Tuesday, February 1, 2011

Celebrating the Chinese New Year

Chinese New Year, which is considered to be one of the most important of the tradtional Chinese holidays, is a celebration at the beginning of a new year according to the lunar calendar. This holiday is celebrated with family gatherings, gift giving, the eating of symbolic foods, and display of festive decorations, all of which are focused on bringing good luck for the new year and celebrating the coming of Spring. Year 2011 is the Year of the Rabbit and begins on February 3rd by the Chinese calendar. Here are some fun facts and kid-friendly crafts and activities to help you celebrate the Chinese New Year holiday with your family. Follow the provided links for details and instructions about each craft and activity.

The lantern is one of the most prominent symbols of the Chinese New Year. In fact, there is an entire festival (the Chinese lantern festival) which is celebrated fifteen days into the New Year on the sighting of the first full moon. The idea behind the lanterns is to bring about a cheerful environment as the full moon shines bright in the sky and masses of Chinese people gather at the festival holding up colorful lanterns and creating a completely lit up environment. Help your little ones make these colorful Paper Lanterns to decorate your home for the Chinese New Year.

The dragon is another popular symbol for Chinese New Year. It is a symbol of strength, goodness, and good luck. During New Years, one of the main events is a large parade through the city streets. As part of this parade, people dress up in dragon costumes and dance down the streets. You can celebrate the Chinese New Year with your children by creating this mini version Festive Ribbon Dragon from Family Fun.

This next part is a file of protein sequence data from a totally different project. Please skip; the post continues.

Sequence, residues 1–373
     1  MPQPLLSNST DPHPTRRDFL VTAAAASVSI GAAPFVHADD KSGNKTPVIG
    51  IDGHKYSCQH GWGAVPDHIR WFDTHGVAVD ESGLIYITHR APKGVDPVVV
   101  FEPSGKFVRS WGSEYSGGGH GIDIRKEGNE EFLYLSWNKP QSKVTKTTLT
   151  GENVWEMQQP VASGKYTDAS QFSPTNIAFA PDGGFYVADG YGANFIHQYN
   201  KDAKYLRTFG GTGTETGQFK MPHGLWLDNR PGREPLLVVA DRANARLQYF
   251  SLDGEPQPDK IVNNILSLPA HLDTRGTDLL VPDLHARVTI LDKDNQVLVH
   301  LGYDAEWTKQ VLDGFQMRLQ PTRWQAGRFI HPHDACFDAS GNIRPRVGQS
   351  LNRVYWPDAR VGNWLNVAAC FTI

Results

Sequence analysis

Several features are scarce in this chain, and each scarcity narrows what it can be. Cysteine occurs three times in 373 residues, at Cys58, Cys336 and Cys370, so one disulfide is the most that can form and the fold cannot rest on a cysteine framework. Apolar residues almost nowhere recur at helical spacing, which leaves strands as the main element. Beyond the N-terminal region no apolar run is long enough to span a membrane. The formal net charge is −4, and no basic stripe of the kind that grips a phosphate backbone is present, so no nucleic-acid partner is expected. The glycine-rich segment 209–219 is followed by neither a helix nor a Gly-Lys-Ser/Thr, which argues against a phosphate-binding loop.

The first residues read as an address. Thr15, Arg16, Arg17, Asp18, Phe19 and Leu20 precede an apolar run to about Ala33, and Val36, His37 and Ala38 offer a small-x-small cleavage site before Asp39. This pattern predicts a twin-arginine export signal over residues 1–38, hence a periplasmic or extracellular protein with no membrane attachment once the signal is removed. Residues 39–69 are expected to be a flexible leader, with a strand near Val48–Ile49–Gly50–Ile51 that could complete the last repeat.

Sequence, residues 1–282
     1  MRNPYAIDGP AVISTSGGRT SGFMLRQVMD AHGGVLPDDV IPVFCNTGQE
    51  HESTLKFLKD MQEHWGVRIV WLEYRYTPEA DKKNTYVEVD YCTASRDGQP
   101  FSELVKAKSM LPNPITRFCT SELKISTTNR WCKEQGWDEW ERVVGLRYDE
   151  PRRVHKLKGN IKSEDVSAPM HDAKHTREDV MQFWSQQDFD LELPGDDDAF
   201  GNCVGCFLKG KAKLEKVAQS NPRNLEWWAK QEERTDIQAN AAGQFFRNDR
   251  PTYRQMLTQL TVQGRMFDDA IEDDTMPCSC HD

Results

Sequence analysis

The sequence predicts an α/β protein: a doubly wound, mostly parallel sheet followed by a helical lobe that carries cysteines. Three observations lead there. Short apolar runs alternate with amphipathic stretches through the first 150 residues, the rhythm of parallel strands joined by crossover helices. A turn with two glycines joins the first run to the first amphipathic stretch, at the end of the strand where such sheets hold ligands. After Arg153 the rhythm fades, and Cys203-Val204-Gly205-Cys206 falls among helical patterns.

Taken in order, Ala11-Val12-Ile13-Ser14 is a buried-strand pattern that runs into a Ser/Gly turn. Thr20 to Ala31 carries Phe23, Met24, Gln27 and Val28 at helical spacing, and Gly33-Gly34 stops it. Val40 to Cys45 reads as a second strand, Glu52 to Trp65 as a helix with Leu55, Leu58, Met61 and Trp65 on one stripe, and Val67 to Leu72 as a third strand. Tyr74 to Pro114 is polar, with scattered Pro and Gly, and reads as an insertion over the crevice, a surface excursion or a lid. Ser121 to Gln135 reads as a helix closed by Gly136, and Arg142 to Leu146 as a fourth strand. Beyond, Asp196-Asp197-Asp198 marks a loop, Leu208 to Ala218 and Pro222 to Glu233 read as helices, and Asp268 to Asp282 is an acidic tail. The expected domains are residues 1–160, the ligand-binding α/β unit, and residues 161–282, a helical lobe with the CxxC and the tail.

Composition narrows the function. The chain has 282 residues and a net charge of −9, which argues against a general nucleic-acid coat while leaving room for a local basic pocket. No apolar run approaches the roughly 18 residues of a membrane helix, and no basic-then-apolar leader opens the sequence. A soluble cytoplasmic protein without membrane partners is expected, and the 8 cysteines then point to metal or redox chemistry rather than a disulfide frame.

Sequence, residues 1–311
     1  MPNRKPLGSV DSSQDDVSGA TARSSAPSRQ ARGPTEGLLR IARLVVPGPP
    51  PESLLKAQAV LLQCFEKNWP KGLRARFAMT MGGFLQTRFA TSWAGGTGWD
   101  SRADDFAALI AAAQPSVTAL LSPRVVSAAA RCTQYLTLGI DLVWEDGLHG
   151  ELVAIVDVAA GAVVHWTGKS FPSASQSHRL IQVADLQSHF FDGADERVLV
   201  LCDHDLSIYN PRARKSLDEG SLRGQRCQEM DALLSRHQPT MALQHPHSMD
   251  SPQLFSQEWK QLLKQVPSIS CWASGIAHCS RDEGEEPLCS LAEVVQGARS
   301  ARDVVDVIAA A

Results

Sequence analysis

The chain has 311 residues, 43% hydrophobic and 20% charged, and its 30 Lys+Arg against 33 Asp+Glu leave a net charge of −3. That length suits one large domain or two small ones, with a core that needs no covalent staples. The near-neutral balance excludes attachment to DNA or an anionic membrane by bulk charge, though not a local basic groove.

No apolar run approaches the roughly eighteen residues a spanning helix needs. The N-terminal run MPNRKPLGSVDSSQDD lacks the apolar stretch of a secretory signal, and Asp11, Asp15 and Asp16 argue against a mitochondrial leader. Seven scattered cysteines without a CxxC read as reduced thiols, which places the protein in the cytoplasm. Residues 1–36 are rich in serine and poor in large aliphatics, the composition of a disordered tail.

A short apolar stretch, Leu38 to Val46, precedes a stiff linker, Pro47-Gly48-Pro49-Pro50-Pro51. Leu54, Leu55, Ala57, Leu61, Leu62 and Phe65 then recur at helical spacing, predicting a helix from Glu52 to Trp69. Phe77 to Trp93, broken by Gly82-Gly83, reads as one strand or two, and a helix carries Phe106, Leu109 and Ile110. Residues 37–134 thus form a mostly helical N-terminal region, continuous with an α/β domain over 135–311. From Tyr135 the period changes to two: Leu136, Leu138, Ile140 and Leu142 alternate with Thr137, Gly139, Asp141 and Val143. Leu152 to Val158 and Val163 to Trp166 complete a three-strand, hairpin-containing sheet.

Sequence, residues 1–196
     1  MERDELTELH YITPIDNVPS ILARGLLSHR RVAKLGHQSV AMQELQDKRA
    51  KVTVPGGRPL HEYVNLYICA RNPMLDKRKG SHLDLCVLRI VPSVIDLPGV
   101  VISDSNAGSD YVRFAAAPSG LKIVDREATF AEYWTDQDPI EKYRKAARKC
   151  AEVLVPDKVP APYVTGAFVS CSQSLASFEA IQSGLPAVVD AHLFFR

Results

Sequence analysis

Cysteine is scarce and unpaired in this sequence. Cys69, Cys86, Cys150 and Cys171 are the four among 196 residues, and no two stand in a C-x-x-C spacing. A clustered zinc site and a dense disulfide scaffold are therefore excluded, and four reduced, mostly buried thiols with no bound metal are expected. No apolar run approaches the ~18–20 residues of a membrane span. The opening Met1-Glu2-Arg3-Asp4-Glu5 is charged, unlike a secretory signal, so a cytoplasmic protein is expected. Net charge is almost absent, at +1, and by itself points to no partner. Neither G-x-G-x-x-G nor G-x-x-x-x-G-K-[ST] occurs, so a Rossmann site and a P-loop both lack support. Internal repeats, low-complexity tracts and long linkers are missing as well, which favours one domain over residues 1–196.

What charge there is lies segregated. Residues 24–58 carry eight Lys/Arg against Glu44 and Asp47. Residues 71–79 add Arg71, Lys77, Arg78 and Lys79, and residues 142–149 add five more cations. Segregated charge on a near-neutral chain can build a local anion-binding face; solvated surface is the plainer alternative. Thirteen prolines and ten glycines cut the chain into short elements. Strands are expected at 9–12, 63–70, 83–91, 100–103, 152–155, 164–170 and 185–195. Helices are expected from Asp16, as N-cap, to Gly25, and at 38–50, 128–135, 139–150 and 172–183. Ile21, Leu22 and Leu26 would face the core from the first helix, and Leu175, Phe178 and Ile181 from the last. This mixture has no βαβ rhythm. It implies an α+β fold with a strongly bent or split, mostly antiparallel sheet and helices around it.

One tradition families enjoy during the 15-day celebration of Chinese New Year is writing and displaying chun lian, simple expressions of wishes for good fortune in the coming year. Create your own well-wishes for family and friends with these colorful, fortune-filled paper cookies.

Create this costume to dress-up like a dragon and lead a traditional Chinese game, Chase the Dragon's Tail. I have played this with a group of kids before and they all LOVED it.

During the Chinese New Year, red packets, called hong bao in Chinese, are traditionally given as a gift to children and unmarried friends and usually contain a small monetary gift. You can introduce this tradition in your own home by using this envelope template from Martha Stewart, which is pre-printed with the Chinese character for Good Luck.

Present your family and friends with another traditional Chinese New Year's gift: tangerines and oranges. This gift symbolizes wealth, good luck, and abundant happiness. Tangerines that still bear leaves signify that the relationship between you and the giver is secure. Package your tangerines and oranges on a tray or in a bag and include a hopeful message for the new year.

Xīn Nián Kuài Lè.
Happy New Year!

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